Most of the time I’m polite and I decline to tell stories. The ghosts that rattle around in my head need to stay there, free to haunt me and no one else. My reality is not the same as theirs. Not even close. I am glad it’s not.

My mind says to me, “Remember when that guy doused himself in gasoline and lit himself on fire? Remember what it smelled like in the medic van as you drove him as fast as you could to the trauma center?”

That was Mockingbird Lane in Sunnyvale, 1997. I was a 24 year-old kid EMT on a paramedic unit.

Charles Bukowski wrote a beautiful and somber poem titled “The Layover”. I think it sums up a lot of what I have seen, and what I experienced in my career, though years ago by measure, it is only one sentence back in my mind.

The Layover 

That moment - to this. . .
may be years in the way they measure,
but it's only one sentence back in my mind
there are so many days
when living stops and pulls up and sits
and waits like a train on the rails…
I look up at the window and think,
I no longer know where you are,
and I walk on and wonder where
the living goes
when it stops

- Charles Bukowski

I look at places around town in terms of where my first fire occurred, someone was stabbed or shot there, we delivered a baby on that corner, and scars in the pavement…
Someday the freeway will be resurfaced and then maybe she’ll go away, or maybe she won’t.

Every time I drive to work along the freeway my eyes track to the exact spot where the pavement is gouged and I go back.

Battery acid, radiator fluid, twisted metal, crunching glass beneath my feet, the sweet, coppery smell of blood…and there she is.

***PTSD is a subject we don't like to talk about.  Suicide among Fire/Police/EMS is a much bigger problem than anyone cares to mention.  It is truly the industry's dirty little secret.  They are both very real issues and they are right in our face.  If you, or someone you know is suffering there is help: Contact the National Suicide Prevention Lifeline 
1(800) 273-TALK (8255) 

473 comments:

  1. Replies
    1. this is how I feel whenever someone calls me an ambulance driver or makes the kind of statement that was made in the story about days being spent playing checkers.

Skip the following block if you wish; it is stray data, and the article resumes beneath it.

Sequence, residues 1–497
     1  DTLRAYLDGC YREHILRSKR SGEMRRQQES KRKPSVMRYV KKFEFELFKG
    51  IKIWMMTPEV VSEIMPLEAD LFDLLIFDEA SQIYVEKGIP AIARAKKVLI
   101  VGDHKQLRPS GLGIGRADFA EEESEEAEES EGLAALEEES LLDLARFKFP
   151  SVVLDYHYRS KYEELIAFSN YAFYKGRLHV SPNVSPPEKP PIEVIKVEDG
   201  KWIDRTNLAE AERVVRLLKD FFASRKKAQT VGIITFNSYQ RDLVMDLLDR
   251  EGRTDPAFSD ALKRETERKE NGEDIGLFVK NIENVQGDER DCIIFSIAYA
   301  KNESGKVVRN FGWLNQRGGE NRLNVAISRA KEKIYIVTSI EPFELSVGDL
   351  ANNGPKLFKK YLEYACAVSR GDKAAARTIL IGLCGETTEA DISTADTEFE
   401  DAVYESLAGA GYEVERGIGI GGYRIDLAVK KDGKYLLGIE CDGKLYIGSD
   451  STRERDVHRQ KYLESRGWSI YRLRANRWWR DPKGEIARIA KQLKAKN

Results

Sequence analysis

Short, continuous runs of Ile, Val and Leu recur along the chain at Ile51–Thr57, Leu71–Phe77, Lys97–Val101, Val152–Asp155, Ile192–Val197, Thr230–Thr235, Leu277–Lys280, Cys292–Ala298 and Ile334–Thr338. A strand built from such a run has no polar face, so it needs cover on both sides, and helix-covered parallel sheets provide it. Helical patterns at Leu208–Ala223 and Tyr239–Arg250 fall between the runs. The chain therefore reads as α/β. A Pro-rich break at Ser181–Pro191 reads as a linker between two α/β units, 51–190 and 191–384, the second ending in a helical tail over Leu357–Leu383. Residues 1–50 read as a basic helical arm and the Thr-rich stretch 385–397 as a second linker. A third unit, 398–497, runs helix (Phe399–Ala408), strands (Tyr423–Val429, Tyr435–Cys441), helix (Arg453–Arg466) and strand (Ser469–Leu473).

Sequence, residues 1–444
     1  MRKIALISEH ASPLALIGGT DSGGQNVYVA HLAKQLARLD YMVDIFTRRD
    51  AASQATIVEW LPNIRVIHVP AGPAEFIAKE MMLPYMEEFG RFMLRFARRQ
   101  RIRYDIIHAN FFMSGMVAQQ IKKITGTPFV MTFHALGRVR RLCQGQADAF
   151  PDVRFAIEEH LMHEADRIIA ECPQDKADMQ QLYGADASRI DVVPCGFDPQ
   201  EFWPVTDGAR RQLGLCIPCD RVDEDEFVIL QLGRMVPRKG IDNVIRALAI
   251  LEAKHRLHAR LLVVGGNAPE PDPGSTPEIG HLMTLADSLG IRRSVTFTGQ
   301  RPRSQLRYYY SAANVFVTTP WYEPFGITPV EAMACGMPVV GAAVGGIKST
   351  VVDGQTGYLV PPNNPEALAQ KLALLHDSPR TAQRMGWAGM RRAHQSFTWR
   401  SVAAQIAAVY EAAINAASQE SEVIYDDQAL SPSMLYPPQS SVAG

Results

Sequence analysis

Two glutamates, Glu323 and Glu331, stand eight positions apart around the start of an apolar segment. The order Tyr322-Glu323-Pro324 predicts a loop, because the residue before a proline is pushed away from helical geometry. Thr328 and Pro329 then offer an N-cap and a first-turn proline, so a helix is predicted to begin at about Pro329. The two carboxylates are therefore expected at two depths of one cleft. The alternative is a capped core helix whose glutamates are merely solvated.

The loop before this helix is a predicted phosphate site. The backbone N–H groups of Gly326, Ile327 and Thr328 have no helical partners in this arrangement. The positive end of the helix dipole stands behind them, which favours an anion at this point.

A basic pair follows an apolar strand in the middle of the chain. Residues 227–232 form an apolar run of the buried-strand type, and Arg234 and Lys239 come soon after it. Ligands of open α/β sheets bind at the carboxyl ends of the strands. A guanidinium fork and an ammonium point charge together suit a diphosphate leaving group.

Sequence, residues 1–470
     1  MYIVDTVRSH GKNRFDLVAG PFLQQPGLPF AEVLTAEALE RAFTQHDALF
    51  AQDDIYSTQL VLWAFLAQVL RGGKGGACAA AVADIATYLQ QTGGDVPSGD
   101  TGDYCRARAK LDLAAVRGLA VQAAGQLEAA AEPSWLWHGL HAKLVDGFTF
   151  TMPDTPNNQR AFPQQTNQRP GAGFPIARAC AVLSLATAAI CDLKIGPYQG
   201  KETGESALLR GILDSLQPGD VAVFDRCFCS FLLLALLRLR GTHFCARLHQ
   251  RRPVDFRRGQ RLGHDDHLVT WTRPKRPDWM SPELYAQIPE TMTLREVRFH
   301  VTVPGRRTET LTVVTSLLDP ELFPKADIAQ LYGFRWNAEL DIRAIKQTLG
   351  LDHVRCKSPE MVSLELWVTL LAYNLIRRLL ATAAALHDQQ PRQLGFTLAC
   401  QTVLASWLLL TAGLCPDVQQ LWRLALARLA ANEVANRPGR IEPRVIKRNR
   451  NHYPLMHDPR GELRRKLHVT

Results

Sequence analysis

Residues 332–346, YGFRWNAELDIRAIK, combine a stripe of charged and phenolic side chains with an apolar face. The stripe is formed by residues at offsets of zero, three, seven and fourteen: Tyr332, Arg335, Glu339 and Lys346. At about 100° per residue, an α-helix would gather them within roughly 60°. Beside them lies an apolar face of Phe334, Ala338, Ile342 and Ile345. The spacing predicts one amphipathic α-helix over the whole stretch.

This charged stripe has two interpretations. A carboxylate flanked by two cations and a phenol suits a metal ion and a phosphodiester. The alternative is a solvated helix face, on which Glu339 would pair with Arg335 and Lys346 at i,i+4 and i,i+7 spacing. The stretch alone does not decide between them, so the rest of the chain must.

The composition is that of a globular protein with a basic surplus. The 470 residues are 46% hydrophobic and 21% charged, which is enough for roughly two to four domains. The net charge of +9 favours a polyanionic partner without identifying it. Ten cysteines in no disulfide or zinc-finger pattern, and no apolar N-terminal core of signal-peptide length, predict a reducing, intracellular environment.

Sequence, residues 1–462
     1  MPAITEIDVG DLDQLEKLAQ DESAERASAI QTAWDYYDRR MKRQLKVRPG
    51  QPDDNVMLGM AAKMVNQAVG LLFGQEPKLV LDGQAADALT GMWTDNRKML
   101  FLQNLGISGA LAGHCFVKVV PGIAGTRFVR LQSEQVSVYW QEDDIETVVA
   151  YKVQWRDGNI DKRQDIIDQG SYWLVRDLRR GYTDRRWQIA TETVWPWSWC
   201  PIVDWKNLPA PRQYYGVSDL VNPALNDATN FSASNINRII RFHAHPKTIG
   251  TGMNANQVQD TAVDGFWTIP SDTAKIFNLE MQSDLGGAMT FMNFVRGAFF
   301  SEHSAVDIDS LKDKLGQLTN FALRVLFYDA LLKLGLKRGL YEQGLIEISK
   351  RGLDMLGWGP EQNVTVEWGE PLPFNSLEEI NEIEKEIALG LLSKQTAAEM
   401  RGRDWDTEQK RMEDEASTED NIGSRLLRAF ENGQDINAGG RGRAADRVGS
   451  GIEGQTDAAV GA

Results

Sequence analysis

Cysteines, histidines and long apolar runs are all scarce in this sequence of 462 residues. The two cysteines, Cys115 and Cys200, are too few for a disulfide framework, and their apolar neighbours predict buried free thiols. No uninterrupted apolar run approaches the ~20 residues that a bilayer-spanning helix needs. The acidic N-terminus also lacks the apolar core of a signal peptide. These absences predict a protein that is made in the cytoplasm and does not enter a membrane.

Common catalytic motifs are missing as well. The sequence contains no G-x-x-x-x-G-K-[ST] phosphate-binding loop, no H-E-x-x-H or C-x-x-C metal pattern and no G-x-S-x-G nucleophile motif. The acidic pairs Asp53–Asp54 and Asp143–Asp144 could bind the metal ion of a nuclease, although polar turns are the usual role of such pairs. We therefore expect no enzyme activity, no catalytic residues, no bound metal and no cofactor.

Delete
    2. I just tell them you are welcome to do cpr on a 4 month old little girl as her parents scream save my baby and you know it's to late!

      Delete
    3. I was a EMT for 5 years before going back to college, i saw alot in ,just the 5yrs so i admire the many medics and firemen who are still at it - ppl can ask such stupid questions- why would you want to hear of anothers pain and suffering?

      Delete
    4. Troy Cannon, Coroner- Marion Co., ILFebruary 6, 2014 at 1:52 PM

      After 30 years or so in public service, including military, police, war zone contractor, and now Coroner, your story touches me in "that place" that we like to think doesn't exist. We ignore it so we can endure what's coming next while trying to forget what's already there, in "that place." Your words have helped me heal scars I've either ignored or pretended didn't exist. Thank you from the bottom of my heart- from "that place."

      Delete
    5. god bless you for what you do everyday sending Blessings

      Delete
    6. My son is a full time fire fighter. People do not understand that they do not just go to fires they go to accidents. What they see takes a toll on them and as their family it is up to us to try and ease their burden, we can't but we try. Be thankful every day that there are people like my son willing to put their lives on the line for you. They run into burning buildings when people are running out.

      Delete
    7. Removing the remains of a 5 month old blond baby girl from the area behind the glove box under the dashboard. Her loving and drunk dad had taken her from the moms house, and drove his 1974 nova into a massive electric pole. 100 mph. 32 years ago. I can see it, now.